Photography equipment overview

December 26th, 2011 Leave a comment Go to comments

I knew that I wanted to document the trip photographically. Words are great, but there’s nothing like a good image to really tie things together.  Or to mislead a reader who is just skimming — not that I’d ever do that.

I tried to simplify by equipment load in many other categories, but for photography things quickly ballooned.  I started the trip with four cameras, added a fifth, and found uses for all of them.

This is the gear I brought with me:

The polarizer was one of the most important tools I had in my bag.  It let me get those super-saturated nature shots with the dark blue skies that really popped.

Speaking of the bag, I started the trip by carrying everything in a cheap Canon bag, but but the end, I was using my Osprey backpack. Why do that, especially since the Osprey pack was unpadded? Simple: the suspension on the Canon bag was horribly uncomfortable.

I also brought my light stand with two umbrellas, but I ended up not using them at all on the trip.

There were three main situations I had to worry about when planning my camera needs: backpacking, hockey, and everything else.


On most of my past backpacking trips, I brought only a small point-and-shoot with me.  It was great for convenience and weight on the trail, but I often found my artistic vision limited by the capabilities of my camera.  Sure, there were occasions where I still managed to make some decent images, but those were the exception rather than the rule.

Avalanche Lake in front of Heavens Peak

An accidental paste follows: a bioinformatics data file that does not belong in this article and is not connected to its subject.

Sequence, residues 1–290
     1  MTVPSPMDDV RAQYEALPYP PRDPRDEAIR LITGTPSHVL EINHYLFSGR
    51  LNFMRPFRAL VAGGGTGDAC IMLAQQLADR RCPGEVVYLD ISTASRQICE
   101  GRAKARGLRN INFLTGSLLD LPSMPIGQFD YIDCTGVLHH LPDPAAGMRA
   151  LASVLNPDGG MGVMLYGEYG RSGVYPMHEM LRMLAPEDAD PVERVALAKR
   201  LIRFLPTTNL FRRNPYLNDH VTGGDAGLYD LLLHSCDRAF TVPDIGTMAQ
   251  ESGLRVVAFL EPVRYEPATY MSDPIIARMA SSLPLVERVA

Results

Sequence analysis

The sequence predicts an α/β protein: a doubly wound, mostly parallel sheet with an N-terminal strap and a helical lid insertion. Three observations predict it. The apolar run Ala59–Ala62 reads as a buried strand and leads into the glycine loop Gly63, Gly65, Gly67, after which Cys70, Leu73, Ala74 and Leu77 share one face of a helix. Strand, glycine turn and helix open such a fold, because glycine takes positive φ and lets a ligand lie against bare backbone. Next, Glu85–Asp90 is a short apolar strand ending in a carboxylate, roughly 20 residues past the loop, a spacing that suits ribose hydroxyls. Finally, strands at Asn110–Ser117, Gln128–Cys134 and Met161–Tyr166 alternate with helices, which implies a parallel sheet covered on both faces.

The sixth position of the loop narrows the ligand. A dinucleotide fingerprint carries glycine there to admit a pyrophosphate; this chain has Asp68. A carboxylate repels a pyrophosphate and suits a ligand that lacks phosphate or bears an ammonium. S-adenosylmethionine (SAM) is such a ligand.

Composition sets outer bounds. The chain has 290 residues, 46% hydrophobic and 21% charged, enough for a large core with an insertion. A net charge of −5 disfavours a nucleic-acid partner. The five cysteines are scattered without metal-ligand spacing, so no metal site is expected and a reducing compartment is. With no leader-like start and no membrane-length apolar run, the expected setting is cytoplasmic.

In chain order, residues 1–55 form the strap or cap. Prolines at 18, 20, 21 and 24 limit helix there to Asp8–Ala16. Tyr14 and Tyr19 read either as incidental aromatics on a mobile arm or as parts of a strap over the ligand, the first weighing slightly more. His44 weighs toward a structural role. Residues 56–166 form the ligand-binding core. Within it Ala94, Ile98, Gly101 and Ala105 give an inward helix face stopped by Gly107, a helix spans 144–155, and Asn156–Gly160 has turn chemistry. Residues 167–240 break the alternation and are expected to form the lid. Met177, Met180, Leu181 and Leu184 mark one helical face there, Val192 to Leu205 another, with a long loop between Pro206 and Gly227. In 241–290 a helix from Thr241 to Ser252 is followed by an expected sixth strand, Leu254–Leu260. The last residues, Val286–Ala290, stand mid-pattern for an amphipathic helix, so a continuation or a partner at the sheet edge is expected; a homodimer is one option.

Avalanche Lake in front of Heavens Peak at Glacier NP. Taken with an ancient Canon A70 point-and-shoot.

I went backpacking three times on the trip.  The first time, in Banff NP, I brought my Canon 7D DSLR and my 17-55mm f/2.8 IS lens.  That let me get some great images, but it was heavy, bulky, and I spent most of the hike terrified that it would get wet and ruined.

The second time, in Denali NP, I decided to go with just my Canon A1100 IS point-and-shoot.  I very nearly went with the 7D/17-55 solution again, but at the last minute, the DSLR got bumped for the P&S.  It would have been nice to have the DSLR’s capabilities, yes, but the P&S turned out to be the right choice.  It was an extremely wet hike, the 55mm focal length would have been too short in many situations, and I didn’t have much room to spare in my pack.  Plus, I didn’t have a very good exterior mounting solution for quickly drawing the camera.

Thus, it might be a surprise that the third time I went backpacking, in Yellowstone NP, I once again chose the DSLR.  What was different? Foremost, it was just an overnight trip, so I didn’t have to worry about long-term consequences.  Slightly behind that in importance was the lack of rain in the forecast.  And coming in third was the fact that I had acquired a new quick-draw widget for storing my camera on my pack’s shoulder strap.


Hockey is a fast sport played in dim arenas.  I wanted at least a few decent photos of me playing on the trip, so I brought my Canon 70-200mm f/2.8 L IS lens for mounting on my Canon EOS 7D DSLR.  That setup worked great. It was easy enough for novices to run (I couldn’t really take photos of myself while I was on the ice), and it had the aperture size and ISO sensitivity to freeze action with minimal noise.

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